What’s Changing

Moving forward, the Endangered Wolf Center is choosing to capitalize Red Wolf when referring to the species. Whether it’s written as American Red Wolf or Red Wolf, this update is intentional and we want to share why this decision is close to our hearts.

Why We’re Capitalizing Red Wolf From Now On

In 2022, an elder of the Cherokee Nation’s Wolf Clan visited the Endangered Wolf Center to film a segment for, “Waya, Saving Our Red Grandfather,” a documentary that highlights the cultural significance that the Red Wolf holds to the Cherokee people. You can learn more about the production and our time with Elder John Ross on our blog

Upon learning about the deep connection the Cherokee people have with Red Wolves, our team felt inspired to continue our mission of saving this species more than ever. After all, Red Wolves in America used to be found across the southeastern United States, ranging from southern Missouri to Texas, covering the Gulf Coast states and extending up to the New England states. 

For the Wolf Clan, the loss of this iconic animal on the landscape is more than an environmental problem. It is a spiritual and emotional problem, as well.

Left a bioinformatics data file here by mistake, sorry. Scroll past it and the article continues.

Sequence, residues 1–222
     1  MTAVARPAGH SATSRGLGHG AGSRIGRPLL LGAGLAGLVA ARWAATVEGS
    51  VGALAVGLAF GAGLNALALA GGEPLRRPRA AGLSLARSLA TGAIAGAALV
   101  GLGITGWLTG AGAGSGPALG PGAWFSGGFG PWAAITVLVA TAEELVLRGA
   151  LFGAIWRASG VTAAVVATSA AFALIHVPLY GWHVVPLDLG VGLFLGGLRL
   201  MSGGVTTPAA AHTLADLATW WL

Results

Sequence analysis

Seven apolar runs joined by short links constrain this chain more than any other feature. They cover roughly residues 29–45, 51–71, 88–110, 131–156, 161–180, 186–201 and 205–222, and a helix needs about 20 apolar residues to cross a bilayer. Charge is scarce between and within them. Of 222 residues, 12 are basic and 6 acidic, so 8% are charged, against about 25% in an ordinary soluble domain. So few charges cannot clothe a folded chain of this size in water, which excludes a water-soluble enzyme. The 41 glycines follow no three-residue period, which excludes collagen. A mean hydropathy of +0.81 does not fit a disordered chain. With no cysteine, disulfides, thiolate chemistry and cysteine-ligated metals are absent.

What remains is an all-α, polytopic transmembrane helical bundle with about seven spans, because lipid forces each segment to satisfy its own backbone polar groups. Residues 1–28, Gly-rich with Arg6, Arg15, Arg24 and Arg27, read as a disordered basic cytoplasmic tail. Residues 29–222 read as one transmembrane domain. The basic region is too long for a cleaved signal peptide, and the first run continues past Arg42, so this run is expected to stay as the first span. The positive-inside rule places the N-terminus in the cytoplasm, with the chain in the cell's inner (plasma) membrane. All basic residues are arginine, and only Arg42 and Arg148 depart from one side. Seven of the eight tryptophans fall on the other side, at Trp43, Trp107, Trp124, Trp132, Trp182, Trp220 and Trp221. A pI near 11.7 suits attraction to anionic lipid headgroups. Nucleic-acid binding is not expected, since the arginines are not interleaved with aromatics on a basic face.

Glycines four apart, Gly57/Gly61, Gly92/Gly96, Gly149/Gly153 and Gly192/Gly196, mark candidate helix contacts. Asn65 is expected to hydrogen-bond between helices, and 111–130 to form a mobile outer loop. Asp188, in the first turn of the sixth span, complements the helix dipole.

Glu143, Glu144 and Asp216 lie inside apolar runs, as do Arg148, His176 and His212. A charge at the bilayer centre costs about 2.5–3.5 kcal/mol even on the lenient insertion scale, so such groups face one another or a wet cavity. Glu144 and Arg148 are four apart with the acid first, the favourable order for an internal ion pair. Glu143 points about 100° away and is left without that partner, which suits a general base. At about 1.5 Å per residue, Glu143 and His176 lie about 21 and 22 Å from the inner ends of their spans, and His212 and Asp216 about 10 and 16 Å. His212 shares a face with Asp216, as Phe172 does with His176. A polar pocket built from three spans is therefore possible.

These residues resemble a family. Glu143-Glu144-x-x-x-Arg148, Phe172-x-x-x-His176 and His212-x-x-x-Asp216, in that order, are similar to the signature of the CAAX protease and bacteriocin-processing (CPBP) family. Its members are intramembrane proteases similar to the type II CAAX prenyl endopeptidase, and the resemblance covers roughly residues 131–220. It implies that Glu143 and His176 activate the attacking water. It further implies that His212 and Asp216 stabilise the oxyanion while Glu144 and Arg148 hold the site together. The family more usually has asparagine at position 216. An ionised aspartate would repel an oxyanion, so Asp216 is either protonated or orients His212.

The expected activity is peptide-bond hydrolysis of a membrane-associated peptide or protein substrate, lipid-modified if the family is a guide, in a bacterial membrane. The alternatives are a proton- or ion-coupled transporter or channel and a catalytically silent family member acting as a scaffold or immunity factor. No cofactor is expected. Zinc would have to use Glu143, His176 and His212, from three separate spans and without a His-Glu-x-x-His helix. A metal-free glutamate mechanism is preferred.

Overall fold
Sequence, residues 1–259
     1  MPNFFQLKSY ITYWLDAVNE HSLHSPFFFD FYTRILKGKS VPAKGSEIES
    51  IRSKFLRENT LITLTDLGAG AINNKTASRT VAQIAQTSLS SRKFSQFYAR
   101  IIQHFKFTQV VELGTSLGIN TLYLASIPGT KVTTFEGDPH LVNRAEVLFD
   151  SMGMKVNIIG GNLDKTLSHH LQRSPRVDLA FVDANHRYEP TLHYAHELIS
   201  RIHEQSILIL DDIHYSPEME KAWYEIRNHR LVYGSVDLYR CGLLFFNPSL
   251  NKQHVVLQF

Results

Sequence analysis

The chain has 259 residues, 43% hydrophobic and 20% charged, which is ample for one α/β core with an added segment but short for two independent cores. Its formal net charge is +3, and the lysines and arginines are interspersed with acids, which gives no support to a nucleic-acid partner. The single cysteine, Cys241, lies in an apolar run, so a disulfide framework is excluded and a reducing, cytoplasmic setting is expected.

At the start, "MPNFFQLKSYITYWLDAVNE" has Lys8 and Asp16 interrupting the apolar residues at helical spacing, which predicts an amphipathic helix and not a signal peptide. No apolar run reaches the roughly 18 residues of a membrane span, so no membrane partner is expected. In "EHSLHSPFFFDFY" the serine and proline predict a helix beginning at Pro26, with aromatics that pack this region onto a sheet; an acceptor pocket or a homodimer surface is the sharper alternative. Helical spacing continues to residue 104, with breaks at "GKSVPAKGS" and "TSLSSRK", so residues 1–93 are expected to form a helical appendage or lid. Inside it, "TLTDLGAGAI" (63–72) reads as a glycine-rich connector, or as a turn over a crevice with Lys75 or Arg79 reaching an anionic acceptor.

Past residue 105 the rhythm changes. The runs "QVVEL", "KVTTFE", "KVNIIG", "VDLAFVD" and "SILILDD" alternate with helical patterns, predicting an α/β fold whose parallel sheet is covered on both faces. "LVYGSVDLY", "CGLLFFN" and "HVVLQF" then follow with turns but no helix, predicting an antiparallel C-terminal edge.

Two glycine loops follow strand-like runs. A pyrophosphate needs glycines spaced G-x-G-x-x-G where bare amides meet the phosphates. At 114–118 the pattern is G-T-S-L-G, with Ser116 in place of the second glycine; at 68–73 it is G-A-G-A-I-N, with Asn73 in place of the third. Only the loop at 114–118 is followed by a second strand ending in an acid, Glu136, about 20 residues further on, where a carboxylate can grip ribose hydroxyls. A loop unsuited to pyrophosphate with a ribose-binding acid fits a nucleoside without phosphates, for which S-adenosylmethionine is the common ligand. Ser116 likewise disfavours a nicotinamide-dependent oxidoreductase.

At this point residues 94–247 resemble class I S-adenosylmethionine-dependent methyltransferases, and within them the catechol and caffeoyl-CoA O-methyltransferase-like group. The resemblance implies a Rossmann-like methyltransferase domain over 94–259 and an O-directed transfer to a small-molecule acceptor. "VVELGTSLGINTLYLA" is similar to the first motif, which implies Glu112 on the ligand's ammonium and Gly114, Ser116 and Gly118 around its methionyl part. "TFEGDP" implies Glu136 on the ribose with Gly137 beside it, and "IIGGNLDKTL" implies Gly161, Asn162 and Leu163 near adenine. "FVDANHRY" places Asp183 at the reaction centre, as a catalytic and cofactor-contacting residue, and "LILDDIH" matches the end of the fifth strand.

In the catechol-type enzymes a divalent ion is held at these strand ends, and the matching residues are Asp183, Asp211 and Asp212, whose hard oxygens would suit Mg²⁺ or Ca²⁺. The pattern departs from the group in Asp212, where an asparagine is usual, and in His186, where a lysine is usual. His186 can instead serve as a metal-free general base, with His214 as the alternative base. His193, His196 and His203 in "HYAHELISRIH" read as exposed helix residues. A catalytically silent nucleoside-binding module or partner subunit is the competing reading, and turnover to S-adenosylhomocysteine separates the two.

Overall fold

Acknowledging the cultural significance of American Red Wolves to Native American Tribes, the U.S. Fish and Wildlife Service chose to capitalize “Red Wolf” in the last updated recovery plan. This practice symbolizes the equal personhood status of these wolves to the Cherokee Nation, a practice we are honored to adopt.

Small Changes Make a Big Difference

We hope this small change reflects our deep respect for the important status Red Wolves hold in Native American Tribal cultures and that our work to conserve this critically endangered species can make a big difference in contributing to a thriving ecosystem for both wolves and people.

To learn more, please watch Waya, Saving Our Red Grandfather and you can also learn more about the Endangered Wolf Center’s DEAI Initiatives on our website.